Robert Cantwell characterizes the entire folk revival as “a complex response … to the ongoing adjustment of newcomer groups, whether racial, ethnic, or generational, to the conditions of life under an industrial and post-industrial social and economic system” (Cantwell 53). Comparing folk revivalism to nineteenth-century blackface minstrelsy, Cantwell argues that the “invention of the folk” provides a sense of security in a changing world, allowing the dominant culture to define itself contrastively (54-55).
The blues revival of the 1960s was in many ways an extension of the late ’50s/ early ’60s folk revival, at least in the US. In Britain, blues revivalism was an outgrowth of the trad jazz movement, which Ed Ward calls “a pallid but enthusiastic attempt to recreate the Chicago and New Orleans styles of the twenties” (Ward 343). Jeff Titon defines the blues revival as a time when a music “by and for chiefly black Americans [was turned] into a music by black and white Americans primarily for white Americans and Europeans” (Titon 223). I would add white European (mainly British) musicians to the mix as well. Titon traces the beginnings of the revival in the United States to the publication of Samuel Charters’s book The Country Blues in 1959, and locates its demise at the 1970 Ann Arbor Blues Festival (Titon 223-24). I suspect that these watermarks a more a matter of personal meaning for Titon than of historical accuracy; but as the account of a fairly typical blues revivalist, his version will do for now.
The idea of blues itself is a constructed one, based on contributions from a number of sources: collectors who, in building discographies, helped to define blues by their exclusions and inclusions of certain records; critics like Samuel Charters, who created blues in their romanticized image of the Old South and untainted black culture, of the solitary, anguished bluesman in a shabby hotel room (I’m thinking here of that paragon of blues authenticity, Robert Johnson, who was kind enough to provide blues revivalists with a neatly delimited body of work, a Faustian legend, and an early death); and the musicians who reinterpreted the blues for a wide audience, inevitably narrowing its stylistic breadth and promoting a small canon of blues “standards.”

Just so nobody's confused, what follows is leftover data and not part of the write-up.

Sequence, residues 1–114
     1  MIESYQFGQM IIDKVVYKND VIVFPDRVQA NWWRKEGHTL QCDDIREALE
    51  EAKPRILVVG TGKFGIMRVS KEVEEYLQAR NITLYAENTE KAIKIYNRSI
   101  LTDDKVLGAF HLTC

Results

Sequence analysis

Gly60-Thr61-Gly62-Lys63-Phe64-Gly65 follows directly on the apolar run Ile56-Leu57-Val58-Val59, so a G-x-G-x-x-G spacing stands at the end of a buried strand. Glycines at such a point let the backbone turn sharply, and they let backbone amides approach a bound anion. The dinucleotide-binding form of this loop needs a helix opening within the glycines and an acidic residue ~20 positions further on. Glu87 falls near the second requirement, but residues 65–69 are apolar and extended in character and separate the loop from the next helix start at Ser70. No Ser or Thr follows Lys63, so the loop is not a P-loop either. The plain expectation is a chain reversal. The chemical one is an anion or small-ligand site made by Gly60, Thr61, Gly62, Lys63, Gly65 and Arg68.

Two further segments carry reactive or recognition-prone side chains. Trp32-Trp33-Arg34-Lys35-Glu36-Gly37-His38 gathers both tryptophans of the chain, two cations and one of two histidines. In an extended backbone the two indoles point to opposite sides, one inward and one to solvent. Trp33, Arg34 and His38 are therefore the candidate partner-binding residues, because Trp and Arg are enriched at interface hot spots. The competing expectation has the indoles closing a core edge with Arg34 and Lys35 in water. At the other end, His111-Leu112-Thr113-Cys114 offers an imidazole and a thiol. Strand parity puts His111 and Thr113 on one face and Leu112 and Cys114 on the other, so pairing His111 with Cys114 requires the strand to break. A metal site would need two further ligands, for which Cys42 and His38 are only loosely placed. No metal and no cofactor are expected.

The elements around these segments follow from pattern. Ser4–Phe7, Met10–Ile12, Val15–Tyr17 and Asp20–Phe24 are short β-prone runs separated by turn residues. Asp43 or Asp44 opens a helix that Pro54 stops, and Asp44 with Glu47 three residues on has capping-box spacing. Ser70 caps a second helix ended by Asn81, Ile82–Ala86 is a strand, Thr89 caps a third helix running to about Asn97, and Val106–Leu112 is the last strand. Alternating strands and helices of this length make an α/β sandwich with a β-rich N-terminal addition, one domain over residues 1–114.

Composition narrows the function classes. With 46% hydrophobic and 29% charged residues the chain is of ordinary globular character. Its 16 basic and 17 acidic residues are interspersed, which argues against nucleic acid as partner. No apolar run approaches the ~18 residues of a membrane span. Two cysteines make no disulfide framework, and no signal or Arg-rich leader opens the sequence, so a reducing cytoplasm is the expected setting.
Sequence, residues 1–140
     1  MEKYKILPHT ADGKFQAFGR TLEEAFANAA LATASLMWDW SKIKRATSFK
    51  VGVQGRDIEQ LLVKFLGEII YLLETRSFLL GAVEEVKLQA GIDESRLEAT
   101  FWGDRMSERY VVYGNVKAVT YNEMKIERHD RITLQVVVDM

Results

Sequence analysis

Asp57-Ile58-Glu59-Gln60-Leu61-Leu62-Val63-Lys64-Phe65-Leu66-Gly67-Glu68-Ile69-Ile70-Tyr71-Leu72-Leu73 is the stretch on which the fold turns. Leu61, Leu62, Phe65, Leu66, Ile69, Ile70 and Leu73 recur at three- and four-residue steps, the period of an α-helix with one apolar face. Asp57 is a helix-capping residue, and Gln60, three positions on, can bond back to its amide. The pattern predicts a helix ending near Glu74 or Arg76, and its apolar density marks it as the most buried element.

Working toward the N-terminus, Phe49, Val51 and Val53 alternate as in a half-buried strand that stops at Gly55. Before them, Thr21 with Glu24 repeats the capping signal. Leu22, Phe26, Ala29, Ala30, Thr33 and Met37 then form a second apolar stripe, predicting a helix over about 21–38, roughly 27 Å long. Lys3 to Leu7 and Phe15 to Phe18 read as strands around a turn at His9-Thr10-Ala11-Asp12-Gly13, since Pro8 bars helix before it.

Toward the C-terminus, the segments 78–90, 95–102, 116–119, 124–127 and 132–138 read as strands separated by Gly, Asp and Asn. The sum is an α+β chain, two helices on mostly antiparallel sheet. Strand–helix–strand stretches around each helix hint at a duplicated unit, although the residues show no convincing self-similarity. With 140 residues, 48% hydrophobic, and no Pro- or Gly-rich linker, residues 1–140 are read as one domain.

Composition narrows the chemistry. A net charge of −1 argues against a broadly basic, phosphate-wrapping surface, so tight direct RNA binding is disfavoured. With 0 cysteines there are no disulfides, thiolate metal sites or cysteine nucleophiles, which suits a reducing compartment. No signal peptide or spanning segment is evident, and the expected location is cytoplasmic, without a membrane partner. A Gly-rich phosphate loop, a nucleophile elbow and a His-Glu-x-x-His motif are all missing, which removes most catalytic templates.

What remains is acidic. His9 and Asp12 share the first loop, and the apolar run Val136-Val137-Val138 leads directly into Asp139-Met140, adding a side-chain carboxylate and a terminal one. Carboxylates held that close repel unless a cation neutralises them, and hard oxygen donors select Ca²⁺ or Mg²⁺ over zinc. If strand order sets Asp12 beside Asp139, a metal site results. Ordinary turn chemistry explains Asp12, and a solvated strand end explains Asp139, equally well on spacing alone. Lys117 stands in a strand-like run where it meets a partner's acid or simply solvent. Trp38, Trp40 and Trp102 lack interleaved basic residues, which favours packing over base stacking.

The blues revival involved, at first, the collecting of old blues records. Almost immediately, urban musicians began to duplicate these performances, usually within the acoustic country blues idiom. By the mid-’60s, younger British musicians were adapting the urban blues as well. Eventually, some older black blues performers reaped trickle-down benefits from the publicity given them by Eric Clapton and others. B. B. King, Albert King, and Muddy Waters found large white audiences, especially on the college circuit.
In any case, most urban blacks did not participate in the 1960s blues revival–as Nelson George describes, blues was no longer relevant to the young, while the older listeners were uncomfortable in the new social contexts of the music (George 46). I should point out that this was not true in many regions of the United States, where blues continued to be very popular with black audiences through the ’60s and beyond. But within urban contexts, many of the black blues musicians who suddenly found themselves playing for large, affluent white audiences welcomed the extended lease on their careers, and some in fact preferred the white audiences to black ones. As B. B. King told Time magazine in 1971: “The blacks are more interested in the jumpy stuff. The whites want to hear me for what I am” (Time 41). For musicians like King, who preferred to remain within the ’50s style, the white audience was a boon. For other blues musicians who might have wished to update their styles, the revival was less fortuitous? The white audience, according to another King interview from 1968, “knew about the blues before I came there…. [T]hey were interested in what I had to offer, and they came to listen, not dance, not clap their hands, or do anything of this sort, just listen” (Time 41).